Australian writer of books for younger readers, young adults, verse novels and poetry.

To fragment. Or not. The question.

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Sentence fragments. What is one, exactly? Well, it’s reasonably simple – a sentence must contain a main clause. A main clause consists of an independent subject and a verb and expresses a single idea.

Once upon a time, students were taught to diagram a sentence. I escaped this – by the time I was in Primary school, the educators had decided that creativity should be encouraged over grammar. I’ve learnt my grammar through learning French – sad, but true! Diagramming sentences can be a useful tool for a writer because the actual diagram shows just how much weight the sentence carries. (You can read more about diagramming sentences here.)

Most sentence fragments lack the verb. Sentence fragments. See – no verb. But verbs are the muscles of language. ‘Without a verb, a group of words can never hope to be anything more than a fragment, a hopelessly incomplete sentence, a eunuch or dummy of a grammatical expression’. Karen Elizabeth Gordon, The Transitive Vampire.

Some sentence fragments lack the subject – the who or what the sentence is about. If you remove the subject of the centre, you’re relying on the reader guessing what the sentence is about. We’re talking about sentence fragments. Discovering their flaws. Entertaining their possibilities. Illuminating their value. Who or what is discovering? This would be stronger expressed like this: We’re talking about sentence fragments – their flaws, possibilities and value.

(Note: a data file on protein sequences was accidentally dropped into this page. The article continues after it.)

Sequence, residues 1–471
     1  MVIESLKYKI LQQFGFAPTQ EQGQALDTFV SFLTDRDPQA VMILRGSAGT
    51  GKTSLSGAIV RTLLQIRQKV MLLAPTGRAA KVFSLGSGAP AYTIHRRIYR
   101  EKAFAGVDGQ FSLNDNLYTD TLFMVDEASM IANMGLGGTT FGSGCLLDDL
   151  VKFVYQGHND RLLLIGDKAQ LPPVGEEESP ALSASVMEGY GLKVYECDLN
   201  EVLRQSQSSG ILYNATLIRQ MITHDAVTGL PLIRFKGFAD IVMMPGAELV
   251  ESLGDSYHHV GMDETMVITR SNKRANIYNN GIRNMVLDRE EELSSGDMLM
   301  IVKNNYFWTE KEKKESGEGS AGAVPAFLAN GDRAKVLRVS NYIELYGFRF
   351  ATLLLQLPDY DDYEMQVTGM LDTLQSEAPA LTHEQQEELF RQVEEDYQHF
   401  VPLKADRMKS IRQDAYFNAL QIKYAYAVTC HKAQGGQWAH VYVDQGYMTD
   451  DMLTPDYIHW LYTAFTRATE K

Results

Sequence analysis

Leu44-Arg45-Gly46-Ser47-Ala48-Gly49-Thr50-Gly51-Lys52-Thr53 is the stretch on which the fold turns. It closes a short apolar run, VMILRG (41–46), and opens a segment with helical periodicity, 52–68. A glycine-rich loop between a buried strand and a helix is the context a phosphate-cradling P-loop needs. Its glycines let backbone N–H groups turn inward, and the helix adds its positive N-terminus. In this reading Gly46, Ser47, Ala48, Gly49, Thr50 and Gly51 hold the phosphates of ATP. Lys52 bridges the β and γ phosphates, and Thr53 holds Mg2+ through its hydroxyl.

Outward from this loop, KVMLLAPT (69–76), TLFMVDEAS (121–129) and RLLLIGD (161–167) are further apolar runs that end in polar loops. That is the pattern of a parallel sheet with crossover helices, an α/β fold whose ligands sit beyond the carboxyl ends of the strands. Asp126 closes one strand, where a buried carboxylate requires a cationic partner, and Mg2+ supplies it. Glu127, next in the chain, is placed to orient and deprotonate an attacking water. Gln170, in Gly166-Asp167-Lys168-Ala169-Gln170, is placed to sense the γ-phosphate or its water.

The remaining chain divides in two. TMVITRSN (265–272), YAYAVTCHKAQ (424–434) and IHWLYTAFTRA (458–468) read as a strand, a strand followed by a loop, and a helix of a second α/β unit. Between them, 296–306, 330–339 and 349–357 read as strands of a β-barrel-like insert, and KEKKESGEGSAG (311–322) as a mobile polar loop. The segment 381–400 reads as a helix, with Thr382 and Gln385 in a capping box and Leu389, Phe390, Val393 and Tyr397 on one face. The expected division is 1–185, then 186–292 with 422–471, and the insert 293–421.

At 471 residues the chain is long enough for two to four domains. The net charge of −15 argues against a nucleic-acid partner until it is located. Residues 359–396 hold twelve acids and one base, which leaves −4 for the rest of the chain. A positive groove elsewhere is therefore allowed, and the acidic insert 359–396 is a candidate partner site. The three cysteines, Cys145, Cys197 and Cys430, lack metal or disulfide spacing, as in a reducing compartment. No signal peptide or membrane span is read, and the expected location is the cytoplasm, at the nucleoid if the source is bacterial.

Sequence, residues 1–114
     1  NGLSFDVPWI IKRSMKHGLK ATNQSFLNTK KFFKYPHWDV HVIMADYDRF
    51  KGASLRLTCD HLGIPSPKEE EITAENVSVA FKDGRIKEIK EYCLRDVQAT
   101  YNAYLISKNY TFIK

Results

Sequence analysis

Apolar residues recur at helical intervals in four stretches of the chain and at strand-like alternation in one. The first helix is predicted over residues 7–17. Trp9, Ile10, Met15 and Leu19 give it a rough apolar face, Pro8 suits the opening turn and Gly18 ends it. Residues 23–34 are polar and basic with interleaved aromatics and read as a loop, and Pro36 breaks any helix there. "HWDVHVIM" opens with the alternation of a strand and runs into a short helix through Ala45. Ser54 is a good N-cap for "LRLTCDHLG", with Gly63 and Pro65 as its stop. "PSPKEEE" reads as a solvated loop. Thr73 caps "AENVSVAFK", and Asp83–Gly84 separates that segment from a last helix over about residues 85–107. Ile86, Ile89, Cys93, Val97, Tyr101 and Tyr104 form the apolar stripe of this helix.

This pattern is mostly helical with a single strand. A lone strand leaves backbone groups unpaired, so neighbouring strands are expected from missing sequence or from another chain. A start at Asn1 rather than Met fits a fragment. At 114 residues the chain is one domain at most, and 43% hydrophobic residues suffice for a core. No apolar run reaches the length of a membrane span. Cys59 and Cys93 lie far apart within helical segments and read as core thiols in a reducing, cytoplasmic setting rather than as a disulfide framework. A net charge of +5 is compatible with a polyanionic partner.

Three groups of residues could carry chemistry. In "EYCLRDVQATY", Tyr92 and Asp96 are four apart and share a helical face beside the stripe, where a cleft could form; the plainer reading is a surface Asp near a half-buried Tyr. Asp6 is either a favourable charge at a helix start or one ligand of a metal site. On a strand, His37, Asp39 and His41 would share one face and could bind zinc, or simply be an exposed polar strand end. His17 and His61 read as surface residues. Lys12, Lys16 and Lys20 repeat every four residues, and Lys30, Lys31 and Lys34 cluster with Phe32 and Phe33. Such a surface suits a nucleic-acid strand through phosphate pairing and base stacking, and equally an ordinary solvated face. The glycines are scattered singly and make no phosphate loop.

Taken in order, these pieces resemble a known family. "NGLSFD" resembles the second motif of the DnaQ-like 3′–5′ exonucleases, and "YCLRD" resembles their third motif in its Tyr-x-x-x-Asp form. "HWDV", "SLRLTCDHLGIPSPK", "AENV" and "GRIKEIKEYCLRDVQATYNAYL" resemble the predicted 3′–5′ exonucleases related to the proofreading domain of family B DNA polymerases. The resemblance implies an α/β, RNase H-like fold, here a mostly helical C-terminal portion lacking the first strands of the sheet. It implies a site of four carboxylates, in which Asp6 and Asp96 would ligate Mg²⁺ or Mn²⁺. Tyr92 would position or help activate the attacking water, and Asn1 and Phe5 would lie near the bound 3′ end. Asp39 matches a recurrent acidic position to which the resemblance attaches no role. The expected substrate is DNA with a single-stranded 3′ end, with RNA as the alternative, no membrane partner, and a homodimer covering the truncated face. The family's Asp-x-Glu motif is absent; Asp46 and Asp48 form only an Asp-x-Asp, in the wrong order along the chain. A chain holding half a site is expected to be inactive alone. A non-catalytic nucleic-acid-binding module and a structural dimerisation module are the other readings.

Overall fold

Sentence fragments are ‘shards of thought, shadows of ideas, shams in the prose department.’ Contance Hale, Sin and Syntax. They disturb me. Sometimes this disturbance is a good thing. A sentence fragment can emphasise a point you want to make. It can indicate a character’s resoluteness or confusion. It can add some spicy informality. Or not. A sentence fragment can add lyricism. It can pile up a list of strong nouns for effect. Cormac McCarthy uses sentence fragments in his novel, The Road, often as brief poetic illuminations that flare against the unrelenting landscape of the narrative. Sometimes he uses them to list what was lost or what is no longer needed in this post-apocalyptic world. The brevity works for McCarthy – reflecting the halting communication between father and son and the need to ration everything, even words.

When I stumble on sentence fragments in my own work, I tend to make them whole. I like verbs. I like to know what the sentence is about. My guideline? Never use them inadvertently. Argue with what is lost and what gained and make them earn their place in your narrative.

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